As a challenge, I tell them they have three “wobbles” before the train crashes. They earn wobbles by: 

  • Saying the rhythm to an unsteady beat
  • Forgetting your rhythm
  • Performing a rhythm incorrectly
  • Making a rhythm not in the correct amount of beats

I’m not usually picky the first couple of times we play, but I get tougher as we go.

#3 Mix-Pair-Perform

Students move around the room to recorded music or sing a song. At the end or when you pause the music, students pair up with the nearest person. 

Taking turns, students perform a rhythm with your concepts. They keep going until you give a quiet signal. 

Then, they thank each other for sharing. 

Pro-tip: Have students who don’t have a partner walk to the front of the room to see who else is missing a partner easier. 

This is an adaptation of cooperative learning.

#4 Sing-Say-Think

Students have a longer rhythm they need to read. After reading it all with confidence, you challenge them with this activity. 

As they perform, you (or a student later on) hits a triangle or other signal. When they hear this signal, they switch to inner hearing.

When you play it again, they switch back to saying the rhythms. 

For a real challenge, you can use a song with this activity. Then, every time you hit the triangle, they move to the next step in a sing-say-think cycle. 

Note: Letting students lead with the triangle is fun, but make sure you suggest they wait at least two beats before they strike it again.  

Frequently Asked Questions

In this section, I’ll answer a couple of the commonly asked questions people ask about the ta ti ti rhythm syllables. 

What Are Rhythmic Syllables? 

The syllables representing rhythm are meant to increase awareness and understanding between rhythm and meter. They help students and musicians recognize and read rhythm patterns. 

Which Notes Do We Say Ta Ti Ti For? 

In the general rhythm counting system, you say “ta” for quarter notes and “ti ti” for eighth notes. The system allows the students to learn the notation quickly and perform it verbally. 

There is some debate about whether the “ta” should transfer to the rhythmic value as the meter changes. For example, if the song is in cut-time, then the half note could be the “ta.”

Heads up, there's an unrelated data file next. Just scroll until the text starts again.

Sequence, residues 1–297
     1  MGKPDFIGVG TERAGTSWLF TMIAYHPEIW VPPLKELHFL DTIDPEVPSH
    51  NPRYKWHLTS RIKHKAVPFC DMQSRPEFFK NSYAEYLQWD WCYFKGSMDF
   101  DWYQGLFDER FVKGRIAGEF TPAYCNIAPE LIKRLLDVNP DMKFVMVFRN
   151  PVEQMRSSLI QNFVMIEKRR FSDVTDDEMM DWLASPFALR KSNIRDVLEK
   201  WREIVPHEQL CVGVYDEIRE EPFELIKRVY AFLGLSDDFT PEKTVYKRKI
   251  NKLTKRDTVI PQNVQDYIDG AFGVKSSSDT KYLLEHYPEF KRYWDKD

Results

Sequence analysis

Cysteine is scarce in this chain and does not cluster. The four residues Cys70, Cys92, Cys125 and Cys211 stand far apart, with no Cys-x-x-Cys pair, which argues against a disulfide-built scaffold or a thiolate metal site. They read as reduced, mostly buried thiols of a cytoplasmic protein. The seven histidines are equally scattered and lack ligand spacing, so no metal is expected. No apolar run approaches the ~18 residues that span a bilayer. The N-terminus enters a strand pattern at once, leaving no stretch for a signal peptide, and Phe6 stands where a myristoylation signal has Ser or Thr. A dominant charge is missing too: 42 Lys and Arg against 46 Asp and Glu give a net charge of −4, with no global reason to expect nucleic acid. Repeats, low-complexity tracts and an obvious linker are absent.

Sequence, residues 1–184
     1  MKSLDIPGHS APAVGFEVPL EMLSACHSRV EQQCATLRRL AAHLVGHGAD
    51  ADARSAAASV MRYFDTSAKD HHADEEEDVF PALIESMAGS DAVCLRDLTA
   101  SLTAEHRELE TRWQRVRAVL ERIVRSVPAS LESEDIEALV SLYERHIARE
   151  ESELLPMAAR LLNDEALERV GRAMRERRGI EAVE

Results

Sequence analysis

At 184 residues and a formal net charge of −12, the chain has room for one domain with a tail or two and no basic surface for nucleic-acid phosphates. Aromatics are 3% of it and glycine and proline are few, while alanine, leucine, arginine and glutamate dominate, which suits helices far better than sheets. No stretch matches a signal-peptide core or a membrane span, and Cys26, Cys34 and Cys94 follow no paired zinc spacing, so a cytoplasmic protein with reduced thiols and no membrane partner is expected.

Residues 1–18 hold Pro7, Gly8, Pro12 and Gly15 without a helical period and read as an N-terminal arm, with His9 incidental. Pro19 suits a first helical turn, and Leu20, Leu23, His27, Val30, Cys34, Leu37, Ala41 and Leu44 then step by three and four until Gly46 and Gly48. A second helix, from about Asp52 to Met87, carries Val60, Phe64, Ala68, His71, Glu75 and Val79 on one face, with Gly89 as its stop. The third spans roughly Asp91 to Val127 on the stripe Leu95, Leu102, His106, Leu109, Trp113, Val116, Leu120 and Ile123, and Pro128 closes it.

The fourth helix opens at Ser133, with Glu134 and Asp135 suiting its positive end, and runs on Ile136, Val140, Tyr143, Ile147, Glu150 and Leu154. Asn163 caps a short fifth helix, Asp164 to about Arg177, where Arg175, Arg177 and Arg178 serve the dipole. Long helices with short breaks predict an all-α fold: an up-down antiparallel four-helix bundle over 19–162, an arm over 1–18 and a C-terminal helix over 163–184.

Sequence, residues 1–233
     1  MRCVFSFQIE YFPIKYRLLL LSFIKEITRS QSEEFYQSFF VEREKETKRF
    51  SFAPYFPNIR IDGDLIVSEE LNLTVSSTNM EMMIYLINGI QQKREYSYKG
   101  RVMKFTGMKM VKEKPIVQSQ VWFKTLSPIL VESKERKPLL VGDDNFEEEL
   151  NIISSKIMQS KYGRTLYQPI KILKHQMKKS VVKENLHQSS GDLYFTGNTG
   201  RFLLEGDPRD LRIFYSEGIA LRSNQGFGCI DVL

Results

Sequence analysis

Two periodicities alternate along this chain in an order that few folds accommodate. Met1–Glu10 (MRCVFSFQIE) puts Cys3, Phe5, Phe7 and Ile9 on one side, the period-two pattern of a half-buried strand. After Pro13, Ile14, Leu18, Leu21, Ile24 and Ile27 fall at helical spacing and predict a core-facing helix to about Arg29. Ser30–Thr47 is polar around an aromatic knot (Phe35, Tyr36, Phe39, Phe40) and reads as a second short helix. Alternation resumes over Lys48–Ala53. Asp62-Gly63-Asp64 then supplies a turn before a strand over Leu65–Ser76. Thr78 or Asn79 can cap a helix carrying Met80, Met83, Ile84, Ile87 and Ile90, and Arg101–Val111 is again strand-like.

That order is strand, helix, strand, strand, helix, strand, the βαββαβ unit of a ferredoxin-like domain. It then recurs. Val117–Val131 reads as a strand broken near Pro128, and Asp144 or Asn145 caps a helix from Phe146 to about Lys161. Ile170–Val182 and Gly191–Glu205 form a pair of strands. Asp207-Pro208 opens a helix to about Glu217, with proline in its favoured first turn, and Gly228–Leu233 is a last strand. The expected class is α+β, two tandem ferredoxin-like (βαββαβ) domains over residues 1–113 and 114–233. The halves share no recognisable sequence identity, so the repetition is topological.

This system is used for lower elementary, so the general thought is that by the time they see a lot of these advanced time signatures, they’ll have graduated to a more complicated counting system. 

How Many Beats Is A Ti Ti? 

Since “ti ti” is most typically associated with paired eighth notes, the ti ti can be said to be worth one beat in time signatures where the quarter note gets the beat. A single eighth note would be worth half of one beat in this time signature as well. 

As the beat in the time signature changes, the value may change depending on how you use the counting system.  

What Is TA In Music? 

A “Ta” in music is usually used to refer to the quarter note. In some systems, it can be used to refer to any rhythm value that gets the beat. 

If referring to pitch, a “TA” can be used to show the lowered leading tone. For example, in the key of C major, a “ta” would be considered a Bb pitch. 

Conclusion

I hope you enjoyed learning a little about ta ti ti rhythm syllables. These syllables are just one system out there that can help your students learn more about what rhythm is. 

Click for our ultimate guide to rhythm syllable systems.

Improve rhythm and singing by going through the 30 Day Singer program. My students loved going through the lessons.

Zach VanderGraaff

Zach VanderGraaff is a K-5 music teacher with Bay City Public Schools in Michigan. He's a Past-President of the Michigan Kodaly Educators and Executive Secretary of the Midwest Kodaly Music Educators Association.